The fall auction season started off with the Sotheby’s sale of Impressionist and modern art. For the past few years, I (and the rest of the art world) have been a little worried about how Christie’s and Sotheby’s auctions would fare in harder times. But after a so-so year in 2009, the auction season seems to be off to a better start.
At the Sotheby’s auction, the big sales were Modigliani’s 1917 “Nude sitting on a Divan (The Beautiful Roman Women)” and Matisse’s 1942 “Dancer in an Armchair with a Checkered Floor.” Says the New York Times:
That painting, which depicts Carla Avogardo, a dancer friend of the artist, in a bright yellow chair against a background of black and white checks, had been estimated at $12 million to $18 million but ended up selling for $18.5 million, or $20.8 million with fees.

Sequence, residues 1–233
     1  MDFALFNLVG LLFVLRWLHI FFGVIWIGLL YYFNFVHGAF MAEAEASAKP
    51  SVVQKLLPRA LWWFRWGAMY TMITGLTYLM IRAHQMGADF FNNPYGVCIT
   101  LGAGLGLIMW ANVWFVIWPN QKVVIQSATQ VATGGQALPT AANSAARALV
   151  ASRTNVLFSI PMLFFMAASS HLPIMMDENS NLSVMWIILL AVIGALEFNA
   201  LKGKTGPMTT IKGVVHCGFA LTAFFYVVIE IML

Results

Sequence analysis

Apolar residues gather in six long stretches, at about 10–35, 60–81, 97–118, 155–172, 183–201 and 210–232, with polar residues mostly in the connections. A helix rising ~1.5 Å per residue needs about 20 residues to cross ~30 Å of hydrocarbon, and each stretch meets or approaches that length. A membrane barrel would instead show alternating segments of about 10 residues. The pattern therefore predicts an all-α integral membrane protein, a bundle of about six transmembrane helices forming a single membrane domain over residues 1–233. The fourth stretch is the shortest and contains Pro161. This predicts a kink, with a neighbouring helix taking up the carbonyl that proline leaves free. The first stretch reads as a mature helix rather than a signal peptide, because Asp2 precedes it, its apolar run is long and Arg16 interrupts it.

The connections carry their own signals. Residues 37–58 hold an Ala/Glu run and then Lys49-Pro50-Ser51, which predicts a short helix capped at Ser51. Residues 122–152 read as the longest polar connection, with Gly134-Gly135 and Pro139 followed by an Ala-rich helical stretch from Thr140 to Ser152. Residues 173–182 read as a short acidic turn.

The real star of the auction, however, was the Modigliani. According to private dealer Nicholas Maclean, Modlianis on the market are a rare thing indeed. The painting sold for $68.9 million, a price well above the estimate of $40 million. Another work by the artist, 1917’s “Jeanne Huberterne Wearing a Hat,” sold for $19.1 million. This is one of my personal favorite Modigiani’s. It depicts his common law wife and muse who was an artist herself.
Sotheby’s seems to be “winning” the season so far, seeing as Matisse’s 1978 “Back Iv,” the big piece of the Christie’s auction on November 03, only went for $48.8 million, well below Sotheby’s star.